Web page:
Sort of like, "Bless the Beast and Children", meets, "Treasure Island" in the form of a sports movie. Without any pirates or buffalo's serving as metaphors for the doomed spirit of young boys.

But, what I think is a more accurate criticism of this sequel, is that despite the Bears being the West Coast champions at the beginning of the movie, they're apparently a really bad baseball team, who are in desperate need of a decent pitcher.

Twice we see the Bears play baseball prior to the championship game and twice it's like watching the 3-little stooges, Buster Keaton and Charlie Chaplin all on the same baseball team together trying to hit and field a baseball.

That is, until Kelly's long separated father (William Devane) becomes the teams manager shortly after the Bears arrive in Houston. Then, he quickly converts them from a comically bad team into a championship team, after just a few days of practice.

Also, there's the unnecessary family drama conflict at the end of the film between Kelly Leak and his father/team manager which suddenly erupts out of nowhere, for no reason, and feels very forced and too tact on for the audience to empathize with Kelly's sudden outburst of pent-up emotional rage of being abandoned by his father (that everyone likes by now) when he was a very young child.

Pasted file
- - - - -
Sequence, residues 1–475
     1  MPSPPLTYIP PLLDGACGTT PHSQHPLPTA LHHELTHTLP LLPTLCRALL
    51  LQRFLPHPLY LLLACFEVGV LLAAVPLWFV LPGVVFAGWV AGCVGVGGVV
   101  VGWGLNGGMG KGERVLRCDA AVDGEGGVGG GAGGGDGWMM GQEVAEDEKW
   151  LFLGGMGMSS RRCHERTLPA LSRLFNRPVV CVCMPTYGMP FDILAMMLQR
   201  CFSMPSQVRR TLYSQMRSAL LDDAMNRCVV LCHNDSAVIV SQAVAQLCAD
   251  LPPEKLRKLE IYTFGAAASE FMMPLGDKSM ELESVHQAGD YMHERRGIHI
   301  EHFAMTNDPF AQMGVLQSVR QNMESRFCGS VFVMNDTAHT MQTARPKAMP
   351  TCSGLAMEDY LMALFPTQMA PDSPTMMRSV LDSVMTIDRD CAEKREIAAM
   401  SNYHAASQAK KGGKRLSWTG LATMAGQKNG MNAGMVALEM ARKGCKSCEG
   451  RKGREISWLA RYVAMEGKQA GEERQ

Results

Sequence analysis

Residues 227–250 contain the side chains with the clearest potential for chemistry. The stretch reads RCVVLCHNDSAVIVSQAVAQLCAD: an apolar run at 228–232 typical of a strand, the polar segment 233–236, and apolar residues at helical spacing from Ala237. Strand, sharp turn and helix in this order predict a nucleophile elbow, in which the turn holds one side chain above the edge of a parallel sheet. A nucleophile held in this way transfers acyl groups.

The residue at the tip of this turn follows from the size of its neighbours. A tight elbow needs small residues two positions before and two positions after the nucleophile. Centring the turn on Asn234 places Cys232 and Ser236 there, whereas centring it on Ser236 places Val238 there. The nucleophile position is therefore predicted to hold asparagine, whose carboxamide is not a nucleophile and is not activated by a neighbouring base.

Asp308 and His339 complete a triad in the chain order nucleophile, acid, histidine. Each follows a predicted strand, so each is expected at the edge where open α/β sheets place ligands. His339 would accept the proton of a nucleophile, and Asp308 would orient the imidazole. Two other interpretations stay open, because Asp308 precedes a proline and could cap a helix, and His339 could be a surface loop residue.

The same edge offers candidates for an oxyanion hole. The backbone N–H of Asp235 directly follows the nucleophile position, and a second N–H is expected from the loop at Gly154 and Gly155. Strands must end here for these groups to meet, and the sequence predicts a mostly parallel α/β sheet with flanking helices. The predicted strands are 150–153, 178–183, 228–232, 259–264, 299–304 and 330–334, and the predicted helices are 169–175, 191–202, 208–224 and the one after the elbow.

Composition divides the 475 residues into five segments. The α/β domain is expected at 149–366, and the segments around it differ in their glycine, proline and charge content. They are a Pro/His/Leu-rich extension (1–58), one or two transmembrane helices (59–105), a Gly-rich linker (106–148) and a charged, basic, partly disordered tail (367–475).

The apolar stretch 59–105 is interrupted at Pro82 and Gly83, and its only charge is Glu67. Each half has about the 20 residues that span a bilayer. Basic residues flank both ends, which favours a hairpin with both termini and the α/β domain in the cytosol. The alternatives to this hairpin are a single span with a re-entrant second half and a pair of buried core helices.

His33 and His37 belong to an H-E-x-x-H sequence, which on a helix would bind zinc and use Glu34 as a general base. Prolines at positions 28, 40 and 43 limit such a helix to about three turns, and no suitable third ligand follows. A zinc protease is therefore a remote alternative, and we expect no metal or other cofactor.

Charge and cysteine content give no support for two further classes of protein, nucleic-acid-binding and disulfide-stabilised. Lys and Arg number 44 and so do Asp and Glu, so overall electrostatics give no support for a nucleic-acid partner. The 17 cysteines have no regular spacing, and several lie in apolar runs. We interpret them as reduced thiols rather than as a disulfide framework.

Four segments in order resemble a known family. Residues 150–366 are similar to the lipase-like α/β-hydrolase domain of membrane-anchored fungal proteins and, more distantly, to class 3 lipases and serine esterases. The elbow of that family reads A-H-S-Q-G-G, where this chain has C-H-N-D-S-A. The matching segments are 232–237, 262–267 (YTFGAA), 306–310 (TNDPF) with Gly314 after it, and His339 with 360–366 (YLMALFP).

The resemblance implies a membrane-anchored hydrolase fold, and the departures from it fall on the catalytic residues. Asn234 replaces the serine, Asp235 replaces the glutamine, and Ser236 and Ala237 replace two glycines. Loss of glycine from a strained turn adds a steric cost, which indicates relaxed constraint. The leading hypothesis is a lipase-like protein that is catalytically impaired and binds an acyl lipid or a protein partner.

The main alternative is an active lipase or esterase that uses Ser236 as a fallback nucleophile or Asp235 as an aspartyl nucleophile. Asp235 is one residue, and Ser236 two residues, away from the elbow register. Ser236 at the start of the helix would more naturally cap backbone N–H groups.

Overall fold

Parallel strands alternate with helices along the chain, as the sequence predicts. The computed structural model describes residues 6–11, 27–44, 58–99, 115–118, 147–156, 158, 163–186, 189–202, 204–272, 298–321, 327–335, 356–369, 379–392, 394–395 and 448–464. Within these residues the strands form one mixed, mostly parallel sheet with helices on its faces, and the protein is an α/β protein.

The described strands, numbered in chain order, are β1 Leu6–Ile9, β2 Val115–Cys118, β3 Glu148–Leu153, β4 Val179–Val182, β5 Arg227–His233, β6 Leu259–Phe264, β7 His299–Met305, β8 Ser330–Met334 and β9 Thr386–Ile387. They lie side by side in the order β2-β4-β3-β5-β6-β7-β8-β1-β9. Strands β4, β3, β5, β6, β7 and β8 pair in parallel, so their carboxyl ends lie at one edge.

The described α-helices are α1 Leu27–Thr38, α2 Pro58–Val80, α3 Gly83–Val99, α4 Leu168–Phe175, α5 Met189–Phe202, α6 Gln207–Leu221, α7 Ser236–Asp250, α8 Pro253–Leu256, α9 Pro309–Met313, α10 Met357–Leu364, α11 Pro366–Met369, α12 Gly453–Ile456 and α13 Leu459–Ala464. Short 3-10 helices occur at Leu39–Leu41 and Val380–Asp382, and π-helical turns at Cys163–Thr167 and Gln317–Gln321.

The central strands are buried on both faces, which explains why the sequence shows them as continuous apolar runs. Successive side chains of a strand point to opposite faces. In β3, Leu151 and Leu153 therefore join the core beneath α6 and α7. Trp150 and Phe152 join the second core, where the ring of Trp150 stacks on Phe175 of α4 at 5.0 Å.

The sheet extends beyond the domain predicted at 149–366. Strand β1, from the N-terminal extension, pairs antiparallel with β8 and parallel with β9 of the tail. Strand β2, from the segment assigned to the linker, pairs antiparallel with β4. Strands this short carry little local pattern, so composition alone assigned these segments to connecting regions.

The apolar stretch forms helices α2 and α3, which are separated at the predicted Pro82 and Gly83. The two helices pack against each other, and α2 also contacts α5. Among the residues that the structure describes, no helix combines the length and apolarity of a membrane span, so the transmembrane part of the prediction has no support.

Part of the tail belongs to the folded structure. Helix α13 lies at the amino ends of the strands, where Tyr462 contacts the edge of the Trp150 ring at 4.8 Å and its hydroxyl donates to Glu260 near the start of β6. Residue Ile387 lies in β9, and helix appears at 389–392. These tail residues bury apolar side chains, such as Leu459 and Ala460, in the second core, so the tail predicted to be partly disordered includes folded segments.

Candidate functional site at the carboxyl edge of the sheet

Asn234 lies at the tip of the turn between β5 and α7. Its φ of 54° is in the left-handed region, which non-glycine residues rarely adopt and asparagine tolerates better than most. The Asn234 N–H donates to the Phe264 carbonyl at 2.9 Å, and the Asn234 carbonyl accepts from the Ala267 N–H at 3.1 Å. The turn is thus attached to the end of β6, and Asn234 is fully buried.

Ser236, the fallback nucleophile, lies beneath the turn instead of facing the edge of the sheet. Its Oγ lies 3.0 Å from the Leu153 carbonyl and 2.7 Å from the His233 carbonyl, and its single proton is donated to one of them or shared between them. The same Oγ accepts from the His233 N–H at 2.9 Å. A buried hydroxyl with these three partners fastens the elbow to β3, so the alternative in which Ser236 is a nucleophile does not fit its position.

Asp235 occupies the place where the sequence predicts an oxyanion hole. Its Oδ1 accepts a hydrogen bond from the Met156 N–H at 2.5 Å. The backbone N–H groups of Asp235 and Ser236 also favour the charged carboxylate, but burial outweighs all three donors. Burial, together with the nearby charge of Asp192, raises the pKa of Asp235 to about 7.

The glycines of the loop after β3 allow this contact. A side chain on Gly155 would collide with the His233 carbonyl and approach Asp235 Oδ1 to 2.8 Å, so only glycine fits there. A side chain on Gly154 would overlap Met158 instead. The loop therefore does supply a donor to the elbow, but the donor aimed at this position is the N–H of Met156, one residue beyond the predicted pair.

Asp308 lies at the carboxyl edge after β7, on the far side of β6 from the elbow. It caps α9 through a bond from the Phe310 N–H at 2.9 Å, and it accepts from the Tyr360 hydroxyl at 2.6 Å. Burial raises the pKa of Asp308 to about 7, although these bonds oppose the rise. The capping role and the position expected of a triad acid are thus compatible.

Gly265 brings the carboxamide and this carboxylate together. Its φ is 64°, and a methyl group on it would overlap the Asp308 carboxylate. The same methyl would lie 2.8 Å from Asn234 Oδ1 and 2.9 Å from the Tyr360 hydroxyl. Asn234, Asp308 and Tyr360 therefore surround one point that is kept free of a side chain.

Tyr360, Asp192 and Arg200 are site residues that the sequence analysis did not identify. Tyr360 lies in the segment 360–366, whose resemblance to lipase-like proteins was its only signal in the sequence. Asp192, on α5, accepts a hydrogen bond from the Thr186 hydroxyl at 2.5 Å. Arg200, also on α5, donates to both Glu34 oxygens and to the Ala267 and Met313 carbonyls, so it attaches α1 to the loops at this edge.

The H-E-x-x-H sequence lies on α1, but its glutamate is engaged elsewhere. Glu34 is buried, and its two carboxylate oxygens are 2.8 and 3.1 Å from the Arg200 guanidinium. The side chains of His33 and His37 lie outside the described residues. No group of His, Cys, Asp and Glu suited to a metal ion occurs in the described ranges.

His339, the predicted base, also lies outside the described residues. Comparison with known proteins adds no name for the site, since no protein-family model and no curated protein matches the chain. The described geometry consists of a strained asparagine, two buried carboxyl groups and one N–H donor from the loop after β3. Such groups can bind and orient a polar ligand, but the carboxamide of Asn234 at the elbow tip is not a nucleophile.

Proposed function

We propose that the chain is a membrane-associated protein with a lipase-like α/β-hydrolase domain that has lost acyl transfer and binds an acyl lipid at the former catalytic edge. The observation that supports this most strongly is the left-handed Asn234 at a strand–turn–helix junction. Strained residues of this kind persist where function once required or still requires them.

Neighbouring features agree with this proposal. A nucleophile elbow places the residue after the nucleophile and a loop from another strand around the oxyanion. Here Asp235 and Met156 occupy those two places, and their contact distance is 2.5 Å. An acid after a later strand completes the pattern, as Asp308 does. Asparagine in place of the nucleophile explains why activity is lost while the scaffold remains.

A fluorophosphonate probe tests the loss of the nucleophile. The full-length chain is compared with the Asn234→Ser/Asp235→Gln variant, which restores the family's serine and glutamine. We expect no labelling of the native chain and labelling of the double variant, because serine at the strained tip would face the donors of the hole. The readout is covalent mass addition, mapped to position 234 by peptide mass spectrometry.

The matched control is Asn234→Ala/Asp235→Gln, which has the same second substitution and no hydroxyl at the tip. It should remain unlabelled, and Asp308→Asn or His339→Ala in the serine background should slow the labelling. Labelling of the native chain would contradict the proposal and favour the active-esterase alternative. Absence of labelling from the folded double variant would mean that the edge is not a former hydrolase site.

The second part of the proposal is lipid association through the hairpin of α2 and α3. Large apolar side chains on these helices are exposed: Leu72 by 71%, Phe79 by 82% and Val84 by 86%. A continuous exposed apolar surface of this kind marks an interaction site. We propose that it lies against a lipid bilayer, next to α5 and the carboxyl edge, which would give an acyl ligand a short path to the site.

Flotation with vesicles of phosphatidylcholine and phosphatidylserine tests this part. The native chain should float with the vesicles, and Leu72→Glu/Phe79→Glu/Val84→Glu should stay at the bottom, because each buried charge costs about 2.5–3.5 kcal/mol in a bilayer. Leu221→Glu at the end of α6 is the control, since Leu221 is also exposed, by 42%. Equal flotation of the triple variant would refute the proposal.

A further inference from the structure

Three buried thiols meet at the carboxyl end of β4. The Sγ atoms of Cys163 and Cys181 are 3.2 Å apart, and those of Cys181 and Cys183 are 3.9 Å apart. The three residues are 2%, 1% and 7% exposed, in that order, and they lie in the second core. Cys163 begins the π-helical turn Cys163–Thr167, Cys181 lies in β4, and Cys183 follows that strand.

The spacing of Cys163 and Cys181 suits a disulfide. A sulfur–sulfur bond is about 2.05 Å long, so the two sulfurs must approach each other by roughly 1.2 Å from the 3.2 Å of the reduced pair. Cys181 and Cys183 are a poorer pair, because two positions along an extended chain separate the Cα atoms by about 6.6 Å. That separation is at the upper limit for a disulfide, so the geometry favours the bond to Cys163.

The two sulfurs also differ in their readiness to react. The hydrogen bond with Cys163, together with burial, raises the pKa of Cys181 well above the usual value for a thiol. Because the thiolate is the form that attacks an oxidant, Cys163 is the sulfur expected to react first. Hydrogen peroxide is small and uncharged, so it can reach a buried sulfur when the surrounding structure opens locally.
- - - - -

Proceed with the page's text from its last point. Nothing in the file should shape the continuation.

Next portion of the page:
Then later, in this 70's "Feel Good Summer Sports Movie" - which would eventually become a movie cliché by the mid-80's - all of that sudden serious drama between a divorced father and his abandoned son is all magically resolved by simply winning the big game at the end of the movie.

That's nice, and it made me feel all warm and fuzzy inside at the end too. If only real life was more like that.(sigh)

But, both of those justifiable criticisms of the movie are only a very slight departure from what this movie really excels at in a big way. Which is, creating a huge sense of joy and fun of watching a small band of preteen misfits in their collective pursuit of playing baseball on a national stage, inside the greatest sports stadium in the country and possibly bringing a National Championship back to California with them.

I was with the Bears the entire way through the movie, and I even lived in Texas at the time, and still do.

While I realize that this movie is definitely not for everyone. But, if you were a kid in the 70's, or just want to reconnect with your lost sense of youthful mischief when the world was still just one big adventure? Then this is a must see movie.